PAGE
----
When 17-year-old Jesica Santillan died of complications from transplant surgery, many called it the tragic end to a tragic story.
No way. Her death was just the beginning of a controversial debate over what went wrong, and why. The transplant that was meant to save her life killed her instead. Even before her death, people were asking: As an illegal alien, why did she deserve a transplant at all? And once the first operation failed, did she deserve a second?
As anyone with personal experience knows, there are no easy answers. Too many people need new organs; too few donors are available, and someone has to make the Solomonesque decision of who gets a new shot at life based on such criteria as blood type, age, medical condition, body size and geography. I'm glad it's not my job. But here's how I'd decide in this case.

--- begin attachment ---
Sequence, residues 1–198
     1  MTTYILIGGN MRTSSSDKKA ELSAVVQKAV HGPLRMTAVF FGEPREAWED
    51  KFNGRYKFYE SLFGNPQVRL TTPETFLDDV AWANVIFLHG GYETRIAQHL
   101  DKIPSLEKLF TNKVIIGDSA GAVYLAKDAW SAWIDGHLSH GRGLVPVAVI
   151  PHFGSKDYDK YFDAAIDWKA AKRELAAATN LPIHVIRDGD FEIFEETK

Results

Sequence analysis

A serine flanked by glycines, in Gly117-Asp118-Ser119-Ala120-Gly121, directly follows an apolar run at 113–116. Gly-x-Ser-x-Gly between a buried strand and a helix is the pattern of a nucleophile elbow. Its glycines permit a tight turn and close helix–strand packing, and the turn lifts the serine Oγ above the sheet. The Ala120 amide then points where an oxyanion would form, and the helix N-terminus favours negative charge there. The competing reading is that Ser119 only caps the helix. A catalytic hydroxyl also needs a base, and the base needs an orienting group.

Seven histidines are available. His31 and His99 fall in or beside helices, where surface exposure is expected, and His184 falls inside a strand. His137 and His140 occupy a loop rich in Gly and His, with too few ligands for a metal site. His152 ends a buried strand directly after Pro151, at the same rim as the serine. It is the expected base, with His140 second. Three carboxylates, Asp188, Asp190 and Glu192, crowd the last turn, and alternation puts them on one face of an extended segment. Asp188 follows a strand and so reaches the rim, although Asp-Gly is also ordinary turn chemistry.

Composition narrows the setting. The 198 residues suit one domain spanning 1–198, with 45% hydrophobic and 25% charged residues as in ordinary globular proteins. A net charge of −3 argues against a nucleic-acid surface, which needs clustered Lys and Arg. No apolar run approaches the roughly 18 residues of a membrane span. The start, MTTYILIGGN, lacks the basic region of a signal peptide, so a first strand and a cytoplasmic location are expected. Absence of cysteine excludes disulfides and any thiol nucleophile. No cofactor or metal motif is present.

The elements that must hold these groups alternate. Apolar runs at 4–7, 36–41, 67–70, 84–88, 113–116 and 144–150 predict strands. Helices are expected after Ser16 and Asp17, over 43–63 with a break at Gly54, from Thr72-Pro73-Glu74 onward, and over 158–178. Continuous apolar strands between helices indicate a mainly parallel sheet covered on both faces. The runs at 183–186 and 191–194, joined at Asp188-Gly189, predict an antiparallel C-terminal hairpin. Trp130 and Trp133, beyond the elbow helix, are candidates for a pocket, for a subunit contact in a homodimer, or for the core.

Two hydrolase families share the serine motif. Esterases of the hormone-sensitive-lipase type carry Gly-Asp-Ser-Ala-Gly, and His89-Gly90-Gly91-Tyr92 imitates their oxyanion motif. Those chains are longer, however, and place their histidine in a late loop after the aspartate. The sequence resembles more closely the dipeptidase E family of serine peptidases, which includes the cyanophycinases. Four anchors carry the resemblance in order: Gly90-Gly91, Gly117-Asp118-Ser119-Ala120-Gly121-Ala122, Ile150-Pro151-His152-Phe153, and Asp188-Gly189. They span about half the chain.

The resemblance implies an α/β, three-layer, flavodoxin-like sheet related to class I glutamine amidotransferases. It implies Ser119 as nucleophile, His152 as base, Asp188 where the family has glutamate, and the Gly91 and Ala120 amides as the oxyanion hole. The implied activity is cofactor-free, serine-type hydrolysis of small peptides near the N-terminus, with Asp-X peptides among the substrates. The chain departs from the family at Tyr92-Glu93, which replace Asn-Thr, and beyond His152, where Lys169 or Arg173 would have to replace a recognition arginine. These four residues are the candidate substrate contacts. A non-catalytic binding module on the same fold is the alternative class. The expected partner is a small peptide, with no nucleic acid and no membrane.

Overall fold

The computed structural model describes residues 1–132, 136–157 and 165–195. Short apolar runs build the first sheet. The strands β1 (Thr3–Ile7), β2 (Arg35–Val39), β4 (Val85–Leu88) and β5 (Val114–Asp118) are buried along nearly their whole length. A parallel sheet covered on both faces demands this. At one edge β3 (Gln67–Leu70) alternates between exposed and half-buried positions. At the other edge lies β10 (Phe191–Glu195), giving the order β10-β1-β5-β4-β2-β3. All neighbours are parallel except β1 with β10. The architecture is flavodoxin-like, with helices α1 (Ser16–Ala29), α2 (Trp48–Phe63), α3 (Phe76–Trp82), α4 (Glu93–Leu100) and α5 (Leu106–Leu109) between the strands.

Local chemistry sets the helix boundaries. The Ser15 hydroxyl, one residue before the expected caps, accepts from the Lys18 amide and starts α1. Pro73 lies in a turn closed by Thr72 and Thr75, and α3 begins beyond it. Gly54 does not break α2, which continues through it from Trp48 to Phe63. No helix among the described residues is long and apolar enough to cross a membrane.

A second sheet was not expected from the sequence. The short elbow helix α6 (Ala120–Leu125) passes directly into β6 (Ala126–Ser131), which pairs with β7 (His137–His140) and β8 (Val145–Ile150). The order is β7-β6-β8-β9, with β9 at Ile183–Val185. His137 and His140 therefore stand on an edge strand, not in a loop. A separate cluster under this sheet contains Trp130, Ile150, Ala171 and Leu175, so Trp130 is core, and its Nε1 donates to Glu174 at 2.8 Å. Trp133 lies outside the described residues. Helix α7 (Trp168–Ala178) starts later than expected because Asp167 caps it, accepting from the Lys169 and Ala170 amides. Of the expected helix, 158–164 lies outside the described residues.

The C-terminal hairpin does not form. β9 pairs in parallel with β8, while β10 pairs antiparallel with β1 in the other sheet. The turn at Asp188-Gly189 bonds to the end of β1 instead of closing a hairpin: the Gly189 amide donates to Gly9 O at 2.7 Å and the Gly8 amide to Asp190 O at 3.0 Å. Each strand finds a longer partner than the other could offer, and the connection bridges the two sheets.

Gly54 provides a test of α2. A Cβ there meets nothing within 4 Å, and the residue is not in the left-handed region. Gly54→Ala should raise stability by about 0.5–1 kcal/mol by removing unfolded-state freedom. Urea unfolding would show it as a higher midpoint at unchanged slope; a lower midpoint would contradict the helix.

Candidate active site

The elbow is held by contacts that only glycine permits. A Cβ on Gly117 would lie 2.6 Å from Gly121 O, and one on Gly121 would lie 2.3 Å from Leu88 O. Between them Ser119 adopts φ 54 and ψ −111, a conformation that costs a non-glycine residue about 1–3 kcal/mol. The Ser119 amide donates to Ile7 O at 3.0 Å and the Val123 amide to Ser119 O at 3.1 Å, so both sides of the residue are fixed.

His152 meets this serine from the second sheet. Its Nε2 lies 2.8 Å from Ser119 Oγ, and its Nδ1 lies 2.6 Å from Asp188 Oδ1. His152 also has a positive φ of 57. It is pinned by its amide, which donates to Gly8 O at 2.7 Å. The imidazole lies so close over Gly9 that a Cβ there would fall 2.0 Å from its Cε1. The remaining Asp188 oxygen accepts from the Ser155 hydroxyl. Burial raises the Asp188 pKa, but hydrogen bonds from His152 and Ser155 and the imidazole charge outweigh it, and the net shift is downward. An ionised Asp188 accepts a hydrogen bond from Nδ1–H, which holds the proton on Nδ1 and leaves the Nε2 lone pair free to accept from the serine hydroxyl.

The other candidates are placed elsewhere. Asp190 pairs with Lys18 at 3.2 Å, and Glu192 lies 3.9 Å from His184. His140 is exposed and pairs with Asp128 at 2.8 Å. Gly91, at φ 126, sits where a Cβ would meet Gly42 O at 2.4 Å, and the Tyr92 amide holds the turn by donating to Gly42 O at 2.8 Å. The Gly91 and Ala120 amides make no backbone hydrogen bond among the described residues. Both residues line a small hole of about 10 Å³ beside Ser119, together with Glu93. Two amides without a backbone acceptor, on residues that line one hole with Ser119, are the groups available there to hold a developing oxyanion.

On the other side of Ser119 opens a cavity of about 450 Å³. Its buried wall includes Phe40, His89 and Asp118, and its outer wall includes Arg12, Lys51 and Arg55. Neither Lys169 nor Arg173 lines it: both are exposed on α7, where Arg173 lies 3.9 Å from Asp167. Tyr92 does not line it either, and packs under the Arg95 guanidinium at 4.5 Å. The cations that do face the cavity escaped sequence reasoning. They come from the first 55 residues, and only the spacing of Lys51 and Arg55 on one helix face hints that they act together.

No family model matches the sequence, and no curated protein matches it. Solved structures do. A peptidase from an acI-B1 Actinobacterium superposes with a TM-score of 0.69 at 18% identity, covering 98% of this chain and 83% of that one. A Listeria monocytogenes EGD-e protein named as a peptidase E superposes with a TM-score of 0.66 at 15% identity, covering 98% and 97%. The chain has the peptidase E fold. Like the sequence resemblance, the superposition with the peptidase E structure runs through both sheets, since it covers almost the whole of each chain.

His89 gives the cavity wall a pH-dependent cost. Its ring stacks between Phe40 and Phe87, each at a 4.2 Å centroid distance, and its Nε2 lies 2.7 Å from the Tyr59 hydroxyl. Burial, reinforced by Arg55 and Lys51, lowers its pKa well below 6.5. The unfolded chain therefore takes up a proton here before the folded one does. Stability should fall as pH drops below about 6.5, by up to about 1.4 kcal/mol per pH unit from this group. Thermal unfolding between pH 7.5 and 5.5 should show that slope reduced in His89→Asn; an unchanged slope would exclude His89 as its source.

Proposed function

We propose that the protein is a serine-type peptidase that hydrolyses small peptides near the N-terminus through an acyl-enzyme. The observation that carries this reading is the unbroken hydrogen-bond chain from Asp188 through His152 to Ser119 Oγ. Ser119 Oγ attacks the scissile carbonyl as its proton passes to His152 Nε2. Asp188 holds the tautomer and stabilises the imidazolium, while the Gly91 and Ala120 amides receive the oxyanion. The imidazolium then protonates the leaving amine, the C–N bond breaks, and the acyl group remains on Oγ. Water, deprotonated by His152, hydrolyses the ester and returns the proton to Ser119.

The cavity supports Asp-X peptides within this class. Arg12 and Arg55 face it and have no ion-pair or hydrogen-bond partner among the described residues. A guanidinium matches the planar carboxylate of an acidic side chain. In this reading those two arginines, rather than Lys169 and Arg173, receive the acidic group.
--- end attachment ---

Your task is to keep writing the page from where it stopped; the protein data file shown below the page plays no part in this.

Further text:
On the first question: Of course, Jesica deserved a heart and lung transplant. From infancy she had suffered a fatal heart disorder; otherwise, she was in good health. She had waited three years for a donor and was just a short flight from Boston, where the heart and lungs of a young donor suddenly became available. The fact that she was an illegal alien